About the SaveH2ONJ.org Campaign

SaveH2ONJ.org is a campaign to highlight the importance of regional planning and water supply protection. Learn more about the organizations behind the campaign.

SaveH2ONJ.org was started by the Pinelands Preservation Alliance and the New Jersey Highlands Coalition to draw attention to the importance of regional planning in protecting our state’s water supply.  This initiative has grown to include the American Littoral Society, the Association of New Jersey Environmental Commissions, the New Jersey League of Conservation Voters and the New Jersey Conservation Foundation. It is more important than ever that the state takes concrete steps to protect water quality and water supply.

Got Water SaveH2Onj Billboard graphic

The SaveH2Onj.org billlboard located in Trenton near DEP offices.

One of our first campaign efforts was the creation of a billboard located next to New Jersey Department of Environmental Protection (DEP) offices in Trenton. The first billboard featured Eileen Swan, former director of the New Jersey Highlands Council who was released from the council against the objections of many who support Highlands protection.


What is the Water Supply Master Plan and Why Does it Matter?

 

The New Jersey Water Supply Management Act, approved in 1981, recognizes that water resources are public assets that the State holds in trust for its citizens and requires that the state create a Water Supply Master Plan.  You can review the Act here.

This legislation entrusts the New Jersey Department of Environmental Protection (DEP) with primary responsibility to ensure that New Jersey can cope with all foreseeable water needs and prescribes that DEP develop and periodically update the New Jersey Statewide Water Supply Plan.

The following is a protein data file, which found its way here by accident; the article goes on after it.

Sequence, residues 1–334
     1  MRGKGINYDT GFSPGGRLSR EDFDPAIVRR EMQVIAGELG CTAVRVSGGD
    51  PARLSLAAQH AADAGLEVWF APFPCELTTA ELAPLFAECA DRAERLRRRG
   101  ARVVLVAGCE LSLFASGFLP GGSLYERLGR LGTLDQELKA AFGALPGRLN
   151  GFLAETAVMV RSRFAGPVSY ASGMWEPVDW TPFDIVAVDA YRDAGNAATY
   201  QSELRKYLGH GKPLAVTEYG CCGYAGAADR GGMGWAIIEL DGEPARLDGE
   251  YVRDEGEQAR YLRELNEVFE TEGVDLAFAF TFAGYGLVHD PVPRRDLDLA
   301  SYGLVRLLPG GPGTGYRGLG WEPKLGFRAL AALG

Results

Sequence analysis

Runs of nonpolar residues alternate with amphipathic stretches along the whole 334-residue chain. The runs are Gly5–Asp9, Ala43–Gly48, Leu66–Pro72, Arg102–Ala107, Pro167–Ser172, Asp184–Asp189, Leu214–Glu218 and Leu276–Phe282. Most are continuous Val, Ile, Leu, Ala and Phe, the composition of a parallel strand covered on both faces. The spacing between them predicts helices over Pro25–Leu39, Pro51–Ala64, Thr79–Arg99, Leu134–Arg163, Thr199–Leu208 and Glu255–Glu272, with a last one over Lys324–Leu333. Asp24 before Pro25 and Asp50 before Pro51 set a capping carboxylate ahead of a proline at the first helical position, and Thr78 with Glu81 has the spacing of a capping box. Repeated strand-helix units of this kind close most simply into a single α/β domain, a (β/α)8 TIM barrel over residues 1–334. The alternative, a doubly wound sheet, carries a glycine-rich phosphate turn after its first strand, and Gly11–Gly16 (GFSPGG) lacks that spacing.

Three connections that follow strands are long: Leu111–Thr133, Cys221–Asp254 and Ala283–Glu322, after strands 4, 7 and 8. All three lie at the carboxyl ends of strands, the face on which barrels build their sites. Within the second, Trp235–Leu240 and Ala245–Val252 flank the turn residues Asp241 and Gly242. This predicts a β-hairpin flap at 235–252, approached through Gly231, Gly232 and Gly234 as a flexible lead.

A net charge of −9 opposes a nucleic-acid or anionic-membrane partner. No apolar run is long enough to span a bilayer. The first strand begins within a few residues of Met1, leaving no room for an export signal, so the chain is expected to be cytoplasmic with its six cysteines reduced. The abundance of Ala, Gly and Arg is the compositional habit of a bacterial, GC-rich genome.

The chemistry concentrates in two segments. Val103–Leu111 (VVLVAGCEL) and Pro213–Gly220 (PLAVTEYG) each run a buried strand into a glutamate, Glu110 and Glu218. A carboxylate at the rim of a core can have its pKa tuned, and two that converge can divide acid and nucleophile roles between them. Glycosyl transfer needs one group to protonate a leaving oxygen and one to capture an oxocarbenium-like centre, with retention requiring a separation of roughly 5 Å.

This plan estimates the amount of water that was withdrawn from each watershed in an effort to determine if there was sufficient remaining water to support future water supply withdrawals, suitable water quality, protect and maintain aquatic resources, and defer saltwater intrusion. If a watershed had ample remaining water to maintain these uses, that watershed was concluded to be in “surplus.” If a watershed did not possess ample water to maintain these uses, that watershed was concluded to be in “deficit.”

New Jersey’s Water Supply Master Plan was recently updated and released for comments in May 2017.  It was last updated in 1996 – just over 20 years ago.  The plan then showed that 8 of the 23 watersheds in the state would be at a deficit in 2010 which included the Mullica River, Maurice River and Cape May Coastal watersheds.  The 1996 plan based its numbers on a population of 7.7 million people in 1990 growing to 8.9 million in 2040. Projections from the updated plan still show deficits in many of the same watersheds.  The plan identifies four (4) of the State’s 20 watershed management areas as currently being stressed, with fifteen (15) becoming stressed if authorized permits are fully utilized.

Pinelands Preservation Alliance, New Jersey Highlands Coalition, Association of New Jersey Environmental Commission, and American Littoral Society joined together as the Save H20 NJ Coalition to increase public awareness about the lack of water supply planning, to put pressure on the state to release the statewide water supply master plan, and to create a state-wide campaign that engages diverse groups and individuals to share in the fight to protect our water resources.

A revision to the New Jersey Statewide Water Supply Plan has been drafted, and formally released in May 2017. To more accurately identify existing and potential water supply concerns, this document evaluated the 151 smaller watersheds of the state, employed a more comprehensive quantification of demand and the nature of the demand, and used a more precise analytical tool to estimate the status of these watersheds.

New Jersey’s water supply and water quality are becoming increasingly threatened by consumption and inappropriate development.  Although the state’s regulations can ensure sufficient water supply for both human use and ecological systems, New Jersey’s draft Water Supply Plan fails to to provide solutions to the current and anticipated water supply challenges identified in the Plan itself.